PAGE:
The latest production from Theatre 166 is described as "hauntingly beautiful" and a "one-of-a-kind theatrical experience."
Winner of eight 2012 Tony Awards including Best Musical, "Once" features an ensemble of actors/musicians who play their own instruments onstage. It’s the tale of a Dublin street musician, Guy, who’s about to give up on his dream when a beautiful young woman, Girl, takes a sudden interest in his haunting love songs.
Emotionally captivating and theatrically breathtaking, "Once" draws you in from the very first note and never lets go. It’s a story about going for your dreams, not living in fear and the power of music to connect all of us.
Director Michael Thomas has been a fan of the show since seeing it on Broadway 10 years ago.
"One of the biggest differences between 'Once' and any other musical on the Broadway stage is that its cast is asked not only to sing, act and move, but also to play a musical instrument," he said. "And not just noodle around on it, but play it well."
The cast of 12 actors/musicians includes people from around the country, including Chicago, Nashville and New York City.
Chicago resident plays one of lead roles
Daniella Rukin, who plays Girl, lives in Chicago. She learned about the Mansfield show online.
"I have always loved the play 'Once,''' Rukin said.
The Chicago resident plays piano, just like her character.
"It's a part I've always wanted to do," Rukin said. "I love every musical where you perform with your own instrument on stage.
"I love that it ('Once') is a very natural musical. Every actor in it plays an instrument."
Rukin said she will play Girl with an accent. She noted there is no definitive Czech accent, but she did extensive research to see how people speak in different regions of the country.
She described her character.
"I play a woman who has moved to Dublin from her home in the Czech Republic," Rukin said. "Things haven't worked out for her the way she planned, so she feels pretty lost."
At least until she meets Guy while he is busking.
"I just go over and start talking to him, and we end up in a relationship of sorts," Rukin said. "They end up enriching each other's lives."
She said the relationship lasts for only a few days but offered no details.
"You'll have to come see the show," Rukin said.
She added the music is "beautiful."
"It's not your typical Broadway show. It's not your belters," Rukin said. "It's a lot more folksy."
She says she has thoroughly enjoyed her time in Mansfield, calling it the opposite of Chicago as a smaller town.
Rukin has fallen for the downtown and, "I love that I can park anywhere without having to worry about getting a ticket."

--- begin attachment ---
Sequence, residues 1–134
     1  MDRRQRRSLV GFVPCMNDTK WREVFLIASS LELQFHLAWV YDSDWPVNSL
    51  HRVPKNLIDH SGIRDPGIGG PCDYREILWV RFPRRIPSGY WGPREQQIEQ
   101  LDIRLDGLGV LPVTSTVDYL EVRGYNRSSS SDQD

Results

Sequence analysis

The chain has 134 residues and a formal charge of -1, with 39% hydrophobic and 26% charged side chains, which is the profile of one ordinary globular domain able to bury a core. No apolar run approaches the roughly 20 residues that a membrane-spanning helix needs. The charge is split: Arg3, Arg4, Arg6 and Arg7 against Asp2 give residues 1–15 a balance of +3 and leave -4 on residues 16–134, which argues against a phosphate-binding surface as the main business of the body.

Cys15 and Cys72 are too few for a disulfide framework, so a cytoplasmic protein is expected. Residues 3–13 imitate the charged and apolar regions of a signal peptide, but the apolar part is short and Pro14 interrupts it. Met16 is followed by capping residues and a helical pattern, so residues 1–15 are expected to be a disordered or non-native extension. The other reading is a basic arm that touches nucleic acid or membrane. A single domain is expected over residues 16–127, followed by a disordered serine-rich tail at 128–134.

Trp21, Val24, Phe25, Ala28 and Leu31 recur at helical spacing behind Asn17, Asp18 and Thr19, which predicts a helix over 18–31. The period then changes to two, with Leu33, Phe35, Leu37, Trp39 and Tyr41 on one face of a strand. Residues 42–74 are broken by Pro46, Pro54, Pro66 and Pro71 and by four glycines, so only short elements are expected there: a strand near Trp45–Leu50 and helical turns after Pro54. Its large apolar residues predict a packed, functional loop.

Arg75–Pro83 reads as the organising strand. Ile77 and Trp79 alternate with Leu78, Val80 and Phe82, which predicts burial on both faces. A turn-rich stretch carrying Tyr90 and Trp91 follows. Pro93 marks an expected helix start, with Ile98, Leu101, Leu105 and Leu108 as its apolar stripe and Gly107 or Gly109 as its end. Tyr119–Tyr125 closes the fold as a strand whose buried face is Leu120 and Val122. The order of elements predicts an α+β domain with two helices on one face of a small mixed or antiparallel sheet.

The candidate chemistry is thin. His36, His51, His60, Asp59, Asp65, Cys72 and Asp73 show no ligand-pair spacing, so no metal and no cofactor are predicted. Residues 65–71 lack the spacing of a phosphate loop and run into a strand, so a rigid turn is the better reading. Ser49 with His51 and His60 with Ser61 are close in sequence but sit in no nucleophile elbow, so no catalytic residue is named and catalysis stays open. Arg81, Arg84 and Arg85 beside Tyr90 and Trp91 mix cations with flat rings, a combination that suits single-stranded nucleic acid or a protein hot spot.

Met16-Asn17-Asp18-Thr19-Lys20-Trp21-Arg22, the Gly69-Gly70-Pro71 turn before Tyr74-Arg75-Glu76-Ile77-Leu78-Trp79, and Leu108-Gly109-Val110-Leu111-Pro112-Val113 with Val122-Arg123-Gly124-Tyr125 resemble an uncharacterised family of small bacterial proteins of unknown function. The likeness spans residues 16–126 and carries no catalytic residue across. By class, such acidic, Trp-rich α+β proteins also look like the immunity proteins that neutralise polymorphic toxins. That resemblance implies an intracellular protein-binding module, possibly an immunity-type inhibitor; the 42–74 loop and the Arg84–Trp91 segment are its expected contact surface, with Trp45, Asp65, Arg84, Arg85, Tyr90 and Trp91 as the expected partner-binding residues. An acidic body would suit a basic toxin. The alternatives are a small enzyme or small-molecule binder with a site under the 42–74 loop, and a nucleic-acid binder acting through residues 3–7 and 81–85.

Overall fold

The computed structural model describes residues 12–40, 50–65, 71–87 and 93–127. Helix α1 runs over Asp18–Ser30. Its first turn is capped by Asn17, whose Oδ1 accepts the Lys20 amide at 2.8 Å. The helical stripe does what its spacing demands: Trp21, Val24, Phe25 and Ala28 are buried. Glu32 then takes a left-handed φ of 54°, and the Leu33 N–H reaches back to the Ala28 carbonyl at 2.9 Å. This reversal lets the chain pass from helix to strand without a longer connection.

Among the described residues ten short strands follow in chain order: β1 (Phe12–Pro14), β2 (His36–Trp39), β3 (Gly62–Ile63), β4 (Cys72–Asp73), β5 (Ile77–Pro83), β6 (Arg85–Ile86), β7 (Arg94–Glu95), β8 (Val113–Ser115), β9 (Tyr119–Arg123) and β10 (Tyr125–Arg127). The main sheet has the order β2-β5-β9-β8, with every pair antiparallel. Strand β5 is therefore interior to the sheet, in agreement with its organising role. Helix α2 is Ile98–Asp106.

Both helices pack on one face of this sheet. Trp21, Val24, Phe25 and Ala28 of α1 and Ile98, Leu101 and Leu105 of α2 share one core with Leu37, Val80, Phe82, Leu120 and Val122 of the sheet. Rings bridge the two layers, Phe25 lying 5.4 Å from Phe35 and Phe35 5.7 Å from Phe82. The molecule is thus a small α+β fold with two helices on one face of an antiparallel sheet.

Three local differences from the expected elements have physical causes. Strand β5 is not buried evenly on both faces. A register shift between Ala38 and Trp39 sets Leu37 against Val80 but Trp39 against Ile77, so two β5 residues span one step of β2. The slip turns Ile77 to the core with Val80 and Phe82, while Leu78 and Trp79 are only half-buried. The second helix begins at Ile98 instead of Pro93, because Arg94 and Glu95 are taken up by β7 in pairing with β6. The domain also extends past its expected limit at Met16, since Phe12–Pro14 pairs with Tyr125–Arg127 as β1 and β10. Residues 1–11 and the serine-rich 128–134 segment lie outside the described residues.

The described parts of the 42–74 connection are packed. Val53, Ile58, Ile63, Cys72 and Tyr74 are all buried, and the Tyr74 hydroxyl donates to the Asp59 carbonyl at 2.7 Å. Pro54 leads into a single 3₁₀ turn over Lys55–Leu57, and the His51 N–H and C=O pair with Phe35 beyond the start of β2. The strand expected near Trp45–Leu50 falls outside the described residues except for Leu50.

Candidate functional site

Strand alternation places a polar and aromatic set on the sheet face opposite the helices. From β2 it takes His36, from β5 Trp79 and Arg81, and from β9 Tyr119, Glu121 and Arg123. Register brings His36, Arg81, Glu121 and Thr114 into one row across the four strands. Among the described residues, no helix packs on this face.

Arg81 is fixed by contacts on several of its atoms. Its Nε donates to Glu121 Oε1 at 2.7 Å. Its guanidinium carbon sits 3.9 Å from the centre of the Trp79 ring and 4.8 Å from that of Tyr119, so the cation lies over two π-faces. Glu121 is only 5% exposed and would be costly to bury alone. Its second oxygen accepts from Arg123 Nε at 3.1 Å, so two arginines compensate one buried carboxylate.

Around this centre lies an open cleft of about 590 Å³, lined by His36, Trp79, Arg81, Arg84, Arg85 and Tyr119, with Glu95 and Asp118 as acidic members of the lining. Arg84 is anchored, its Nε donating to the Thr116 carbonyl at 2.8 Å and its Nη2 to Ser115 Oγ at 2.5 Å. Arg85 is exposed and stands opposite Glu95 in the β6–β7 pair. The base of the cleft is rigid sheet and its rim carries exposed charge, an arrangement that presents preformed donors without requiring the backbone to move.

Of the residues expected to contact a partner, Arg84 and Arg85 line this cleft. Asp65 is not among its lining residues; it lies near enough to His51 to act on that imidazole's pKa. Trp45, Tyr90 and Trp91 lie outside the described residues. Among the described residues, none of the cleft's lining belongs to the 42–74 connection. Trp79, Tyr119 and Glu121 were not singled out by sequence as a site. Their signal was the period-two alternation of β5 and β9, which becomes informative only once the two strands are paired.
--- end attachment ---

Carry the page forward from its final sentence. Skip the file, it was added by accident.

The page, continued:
She also has clicked with the cast.
"Musicians just have this way of finding each other and bonding," Rukin said.
Lexington grad portrays Guy
Noah Sgambellone plays the role of Guy.
"He's just recently had his heart broken," Sgambellone said. "He's in the process of just giving up on everything."
That all changes when he meets Girl.
"She shares the same love of music. She kind of rekindles his love for it," Sgambellone said.
The 2019 Lexington graduate has been busy lately. He played a lead role in the recent Renaissance Theatre production of "Spring Awakening."
"The difference between the two shows is like night and day," Sgambellone said. "To go from death and misery to hope and love is interesting. It's a fun transition."
He's also making the transition from the expansive Renaissance Theatre to the intimate Theatre 166, which he appreciates.
"The people that come see it are going to feel more involved with what's going on with the actors," Sgambellone said. "It's almost like a movie."
He plays acoustic guitar in "Once."
Thomas credited Larry Miller and his staff at Metronome Music for their help in that department.
"They have been so generous in lending us instruments and advising us," the director said. "It's impossible to calculate the impact Metronome has had on area musicians for the past 60 years."
If you go
Where: Theatre 166, 166 Park Avenue West
When: 8 p.m. April 22, 23, 29 and 30; 2:30 p.m. April 24 and May 1.
Tickets: $29. Because of limited seating at Theatre 166, patrons are encouraged to reserve seats early.
More information: Visit rentickets.org or call 419-522-2726.
This article originally appeared on Mansfield News Journal: Mansfield's Theatre 166 presenting 'Once' musical